Read Go Saddle the Sea by Joan Aiken Online


In 1821, an orphaned twelve-year-old boy runs away from his unhappy home in Spain to England where he tries to find his father's family....

Title : Go Saddle the Sea
Author :
Rating :
ISBN : 9780385132251
Format Type : Hardcover
Number of Pages : 311 Pages
Status : Available For Download
Last checked : 21 Minutes ago!

Go Saddle the Sea Reviews

  • whalesister
    2018-10-27 09:09

    The first in a series of three: Bridle the Wind come next, and The Teeth of the Gale concludes the series. I especially loved the main character in this first book--so delightfully naughty. I love the way Aiken never backs away from throwing her characters in the very worst possible circumstances, and then gets them out of trouble in the most creative ways, usually by putting them in even worse situations than before, which sometimes hardly seems possible. The only reason I didn't give this five stars was because of the ending--it just stops, rather strangely, with no feeling of conclusion. Good thing it's not over; two more books to read before you're done.

  • Margaret
    2018-10-21 14:08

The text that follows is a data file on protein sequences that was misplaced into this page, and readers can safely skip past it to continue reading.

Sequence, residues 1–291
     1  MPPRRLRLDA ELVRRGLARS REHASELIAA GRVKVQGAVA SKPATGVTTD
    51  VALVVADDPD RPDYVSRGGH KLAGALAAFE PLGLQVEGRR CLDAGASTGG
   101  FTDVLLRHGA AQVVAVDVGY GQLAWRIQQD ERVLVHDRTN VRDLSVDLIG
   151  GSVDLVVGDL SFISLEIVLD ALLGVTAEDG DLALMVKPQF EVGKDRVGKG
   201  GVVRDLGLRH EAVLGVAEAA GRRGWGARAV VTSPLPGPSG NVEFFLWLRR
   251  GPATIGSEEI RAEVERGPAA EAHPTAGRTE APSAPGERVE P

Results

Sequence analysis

This is the first book of an excellent YA historical fiction (with a touch of fantasy) trilogy, just as exciting and fast-paced as I expected from Aiken. The orphaned son of an English soldier and a Spanish noblewoman, Felix has been raised in his grandfather's stern household in Spain, the only love he has known given him by the cook, Bernardina. On her deathbed, she gives him some of his father's possessions, including a mysterious letter which sets him off on a quest to find his heritage; along the way, there are gypsies, shipwrecks, intrigues, murders, and other excitements galore. The historical background (post-Napoleonic Spain) is excellently done, and Felix himself is a vivid, engaging character; Aiken handles his development (the three books cover six years or so of his life) beautifully and provides a host of other colorful characters as well.

  • Chris
    2018-11-09 10:17